Based on experiments in isolated cardiac muscle cells and in whole animals, Lien et al. propose that the mechanism by which TNFR1 and TNFR2 signaling protects cardiac cells is by blocking apoptosis caused by release of mitochondrial proteins such as cytochrome c and inhibition of signaling by the Fas receptor system, which has previously been implicated in mediating anthracycline toxicity (12, 13, 17). However, the detailed mechanisms and exactly which apoptotic pathways are being inhibited by TNFR signaling are still unclear. For example, the ability of TNFR1 and TNFR2 to block the Adriamycin-induced activation of the Fas-mediated pathway is suggested by the fact that increased levels of truncated Bid are found in the double knockout mice after treatment with Adriamycin. Because Bid cleavage is normally induced by caspase-8, which is activated by the Fas pathway, this is a reasonable suggestion. However, anything that can activate caspase-8 (directly or indirectly), including any apoptotic stimulus that activates effector caspases (18) will potentially lead to Bid cleavage, hence, the increased cleavage after Adriamycin treatment that is caused by the knockout of TNF receptors could have occurred because Fas-independent apoptotic signaling is occurring in the cells. Moreover, Bid cleavage during cardiac damage caused by ischemia/reperfusion injury is caused not by caspases but rather by calpains (19), therefore, caspase-independent mechanisms of activating Bid (perhaps involving the sarcoplasmic reticulum; ref. 10) may also be important in this regard. Finally, it should be noted that the protective activity of TNFR signaling is seen after short-term exposure of a few days with a relatively high dose of Adriamycin and we do not yet know if similar effects would be found with lower doses repeatedly given over long periods of time. Recent studies examining gene expression changes caused by 12 weekly treatments of lower doses of the drug are somewhat different from those found after a single high dose (20), raising the possibility that different mechanisms may be at play under acute and chronic conditions. Although there is clearly much still to be learned, the demonstration that TNFR signaling provides protection against anthracycline-induced cardiac toxicity, both in vitro and in animals, provides a basis to generate further avenues of investigation that may broaden our armamentarium of anthracycline toxicity modifiers beyond the iron chelator, dexrazoxane (21). An old drug approached with some of our modern biotechnology tools may be further improved.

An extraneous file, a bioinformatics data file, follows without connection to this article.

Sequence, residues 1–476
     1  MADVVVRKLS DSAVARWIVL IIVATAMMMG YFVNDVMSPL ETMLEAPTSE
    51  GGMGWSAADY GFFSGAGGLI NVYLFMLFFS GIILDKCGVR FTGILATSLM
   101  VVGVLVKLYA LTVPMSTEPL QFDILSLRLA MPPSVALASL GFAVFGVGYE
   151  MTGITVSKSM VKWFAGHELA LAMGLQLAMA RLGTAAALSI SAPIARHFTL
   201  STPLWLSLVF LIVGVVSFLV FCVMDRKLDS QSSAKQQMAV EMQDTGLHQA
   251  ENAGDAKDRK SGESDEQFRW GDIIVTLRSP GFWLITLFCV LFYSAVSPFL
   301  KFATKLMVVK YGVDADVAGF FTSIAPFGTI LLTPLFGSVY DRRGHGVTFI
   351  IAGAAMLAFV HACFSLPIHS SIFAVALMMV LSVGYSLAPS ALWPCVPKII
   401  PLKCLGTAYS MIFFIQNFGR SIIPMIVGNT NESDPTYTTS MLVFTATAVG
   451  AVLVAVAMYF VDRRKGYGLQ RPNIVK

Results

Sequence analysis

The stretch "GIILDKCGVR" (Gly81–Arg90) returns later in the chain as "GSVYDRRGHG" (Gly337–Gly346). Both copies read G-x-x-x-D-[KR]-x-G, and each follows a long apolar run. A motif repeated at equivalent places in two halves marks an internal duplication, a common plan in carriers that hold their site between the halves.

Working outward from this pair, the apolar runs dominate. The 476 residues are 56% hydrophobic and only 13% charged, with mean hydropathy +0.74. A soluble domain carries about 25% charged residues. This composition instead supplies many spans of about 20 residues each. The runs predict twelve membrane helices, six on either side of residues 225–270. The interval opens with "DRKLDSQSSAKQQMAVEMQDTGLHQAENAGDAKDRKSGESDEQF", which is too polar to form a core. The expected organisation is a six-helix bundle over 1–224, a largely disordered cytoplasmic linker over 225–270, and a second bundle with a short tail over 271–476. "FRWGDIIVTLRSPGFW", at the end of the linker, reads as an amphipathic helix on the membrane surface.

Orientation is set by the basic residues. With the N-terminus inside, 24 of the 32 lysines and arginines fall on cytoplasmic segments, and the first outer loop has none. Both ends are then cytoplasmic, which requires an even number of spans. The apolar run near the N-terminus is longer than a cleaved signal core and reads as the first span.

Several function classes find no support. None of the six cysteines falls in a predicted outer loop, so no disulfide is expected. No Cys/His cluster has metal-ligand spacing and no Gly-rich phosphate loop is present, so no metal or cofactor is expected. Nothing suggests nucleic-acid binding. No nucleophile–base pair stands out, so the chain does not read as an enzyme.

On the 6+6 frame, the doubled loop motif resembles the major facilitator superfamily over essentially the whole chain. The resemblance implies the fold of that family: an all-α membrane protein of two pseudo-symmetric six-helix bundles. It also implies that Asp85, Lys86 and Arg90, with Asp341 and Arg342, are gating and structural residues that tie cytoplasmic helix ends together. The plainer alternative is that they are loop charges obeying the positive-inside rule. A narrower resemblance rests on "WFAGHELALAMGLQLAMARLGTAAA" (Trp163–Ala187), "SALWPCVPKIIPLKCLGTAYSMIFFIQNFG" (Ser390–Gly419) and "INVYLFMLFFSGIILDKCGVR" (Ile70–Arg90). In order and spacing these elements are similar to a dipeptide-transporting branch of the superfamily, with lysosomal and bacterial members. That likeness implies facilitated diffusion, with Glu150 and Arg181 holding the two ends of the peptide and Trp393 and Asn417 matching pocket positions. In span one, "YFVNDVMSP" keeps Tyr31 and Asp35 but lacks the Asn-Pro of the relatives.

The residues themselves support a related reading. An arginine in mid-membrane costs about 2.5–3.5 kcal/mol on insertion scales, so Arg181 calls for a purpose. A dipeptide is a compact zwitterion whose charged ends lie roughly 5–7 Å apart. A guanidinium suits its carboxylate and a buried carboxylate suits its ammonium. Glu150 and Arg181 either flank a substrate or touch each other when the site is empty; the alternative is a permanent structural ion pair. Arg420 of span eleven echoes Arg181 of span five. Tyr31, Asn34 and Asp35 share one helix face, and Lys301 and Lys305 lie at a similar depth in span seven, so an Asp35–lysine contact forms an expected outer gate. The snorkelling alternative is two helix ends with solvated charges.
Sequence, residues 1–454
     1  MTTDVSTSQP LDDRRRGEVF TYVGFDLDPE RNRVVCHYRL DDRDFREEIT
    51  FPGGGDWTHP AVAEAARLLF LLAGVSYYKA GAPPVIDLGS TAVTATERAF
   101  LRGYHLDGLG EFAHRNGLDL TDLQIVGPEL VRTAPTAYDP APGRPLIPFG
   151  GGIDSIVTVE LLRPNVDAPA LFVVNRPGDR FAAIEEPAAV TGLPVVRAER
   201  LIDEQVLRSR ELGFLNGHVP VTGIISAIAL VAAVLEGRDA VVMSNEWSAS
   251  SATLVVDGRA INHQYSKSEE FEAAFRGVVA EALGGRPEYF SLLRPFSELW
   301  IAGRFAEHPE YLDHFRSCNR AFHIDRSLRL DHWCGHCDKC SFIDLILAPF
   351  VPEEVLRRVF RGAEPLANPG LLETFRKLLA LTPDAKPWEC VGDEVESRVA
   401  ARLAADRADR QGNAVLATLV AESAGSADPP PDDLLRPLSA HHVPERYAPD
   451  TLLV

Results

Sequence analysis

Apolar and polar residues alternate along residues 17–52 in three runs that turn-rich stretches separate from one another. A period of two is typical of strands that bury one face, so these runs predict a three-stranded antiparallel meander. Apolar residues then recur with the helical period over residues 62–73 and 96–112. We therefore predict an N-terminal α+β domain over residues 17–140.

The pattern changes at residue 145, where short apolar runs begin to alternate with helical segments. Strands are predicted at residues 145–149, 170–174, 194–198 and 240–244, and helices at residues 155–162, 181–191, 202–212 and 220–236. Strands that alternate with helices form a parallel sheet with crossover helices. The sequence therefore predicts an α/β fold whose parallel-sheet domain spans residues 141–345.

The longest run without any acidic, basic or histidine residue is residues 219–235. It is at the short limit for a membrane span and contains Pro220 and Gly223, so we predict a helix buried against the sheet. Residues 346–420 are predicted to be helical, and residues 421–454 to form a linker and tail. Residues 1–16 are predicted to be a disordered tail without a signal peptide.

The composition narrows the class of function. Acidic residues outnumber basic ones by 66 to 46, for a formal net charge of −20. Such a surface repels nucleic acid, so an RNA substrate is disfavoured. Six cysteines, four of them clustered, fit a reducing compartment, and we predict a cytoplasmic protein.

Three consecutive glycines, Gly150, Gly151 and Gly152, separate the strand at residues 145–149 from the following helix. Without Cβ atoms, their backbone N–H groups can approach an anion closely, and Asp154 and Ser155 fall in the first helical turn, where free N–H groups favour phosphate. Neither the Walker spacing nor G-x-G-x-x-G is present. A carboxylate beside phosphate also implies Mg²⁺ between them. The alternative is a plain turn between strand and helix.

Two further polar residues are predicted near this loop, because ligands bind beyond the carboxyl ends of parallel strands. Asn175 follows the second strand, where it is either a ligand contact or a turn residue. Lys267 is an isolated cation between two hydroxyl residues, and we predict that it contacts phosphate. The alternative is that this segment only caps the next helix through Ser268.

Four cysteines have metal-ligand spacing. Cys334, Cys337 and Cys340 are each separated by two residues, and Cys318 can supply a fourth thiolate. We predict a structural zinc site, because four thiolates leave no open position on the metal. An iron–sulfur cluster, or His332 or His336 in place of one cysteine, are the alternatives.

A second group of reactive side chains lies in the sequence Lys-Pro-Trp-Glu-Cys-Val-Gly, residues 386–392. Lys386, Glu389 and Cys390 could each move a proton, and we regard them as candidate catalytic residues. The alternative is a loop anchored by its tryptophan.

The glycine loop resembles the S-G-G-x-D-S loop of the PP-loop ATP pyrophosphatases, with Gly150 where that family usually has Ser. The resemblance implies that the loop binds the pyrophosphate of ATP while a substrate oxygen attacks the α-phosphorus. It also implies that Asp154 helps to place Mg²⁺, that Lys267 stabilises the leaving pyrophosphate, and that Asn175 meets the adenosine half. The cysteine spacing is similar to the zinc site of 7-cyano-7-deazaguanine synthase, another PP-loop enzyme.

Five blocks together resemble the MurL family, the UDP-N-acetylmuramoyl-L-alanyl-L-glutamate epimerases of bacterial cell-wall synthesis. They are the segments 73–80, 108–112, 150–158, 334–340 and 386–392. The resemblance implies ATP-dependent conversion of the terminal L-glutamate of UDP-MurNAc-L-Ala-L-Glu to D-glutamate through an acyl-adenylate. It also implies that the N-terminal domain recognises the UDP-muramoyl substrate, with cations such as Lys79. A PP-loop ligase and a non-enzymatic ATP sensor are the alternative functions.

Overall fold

Grant support: A. Thorburn is supported by grants from NIH (CA11421, NS04635) and the Department of Defense Prostate Cancer Research Program (DAMD 17-03-0049). A.E. Frankel is supported by the NIH (R01CA76178 and R01CA090263) and by the Leukemia and Lymphoma Society (6006).